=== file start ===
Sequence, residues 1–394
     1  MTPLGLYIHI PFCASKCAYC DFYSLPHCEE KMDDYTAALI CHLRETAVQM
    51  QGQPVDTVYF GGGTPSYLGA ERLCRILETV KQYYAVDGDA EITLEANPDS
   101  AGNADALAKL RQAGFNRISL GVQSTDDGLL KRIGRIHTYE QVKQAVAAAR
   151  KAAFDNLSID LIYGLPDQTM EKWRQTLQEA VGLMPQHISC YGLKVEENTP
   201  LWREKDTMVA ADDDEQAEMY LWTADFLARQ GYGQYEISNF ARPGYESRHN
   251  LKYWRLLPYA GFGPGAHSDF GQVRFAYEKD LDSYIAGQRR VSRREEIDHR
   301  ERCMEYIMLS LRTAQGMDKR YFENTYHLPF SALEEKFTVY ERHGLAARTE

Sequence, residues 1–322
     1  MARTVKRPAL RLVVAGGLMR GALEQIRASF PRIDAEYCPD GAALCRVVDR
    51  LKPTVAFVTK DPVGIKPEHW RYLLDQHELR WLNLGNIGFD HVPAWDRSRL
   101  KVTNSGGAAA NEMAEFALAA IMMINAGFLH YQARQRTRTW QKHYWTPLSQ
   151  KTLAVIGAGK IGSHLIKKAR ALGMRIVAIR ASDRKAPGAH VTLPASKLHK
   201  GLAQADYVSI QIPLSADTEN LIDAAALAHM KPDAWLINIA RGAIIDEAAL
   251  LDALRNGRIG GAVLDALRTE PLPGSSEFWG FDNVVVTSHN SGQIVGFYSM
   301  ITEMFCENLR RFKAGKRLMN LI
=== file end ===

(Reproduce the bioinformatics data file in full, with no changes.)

Sequence, residues 1–394
     1  MTPLGLYIHI PFCASKCAYC DFYSLPHCEE KMDDYTAALI CHLRETAVQM
    51  QGQPVDTVYF GGGTPSYLGA ERLCRILETV KQYYAVDGDA EITLEANPDS
   101  AGNADALAKL RQAGFNRISL GVQSTDDGLL KRIGRIHTYE QVKQAVAAAR
   151  KAAFDNLSID LIYGLPDQTM EKWRQTLQEA VGLMPQHISC YGLKVEENTP
   201  LWREKDTMVA ADDDEQAEMY LWTADFLARQ GYGQYEISNF ARPGYESRHN
   251  LKYWRLLPYA GFGPGAHSDF GQVRFAYEKD LDSYIAGQRR VSRREEIDHR
   301  ERCMEYIMLS LRTAQGMDKR YFENTYHLPF SALEEKFTVY ERHGLAARTE

Sequence, residues 1–322
     1  MARTVKRPAL RLVVAGGLMR GALEQIRASF PRIDAEYCPD GAALCRVVDR
    51  LKPTVAFVTK DPVGIKPEHW RYLLDQHELR WLNLGNIGFD HVPAWDRSRL
   101  KVTNSGGAAA NEMAEFALAA IMMINAGFLH YQARQRTRTW QKHYWTPLSQ
   151  KTLAVIGAGK IGSHLIKKAR ALGMRIVAIR ASDRKAPGAH VTLPASKLHK
   201  GLAQADYVSI QIPLSADTEN LIDAAALAHM KPDAWLINIA RGAIIDEAAL
   251  LDALRNGRIG GAVLDALRTE PLPGSSEFWG FDNVVVTSHN SGQIVGFYSM
   301  ITEMFCENLR RFKAGKRLMN LI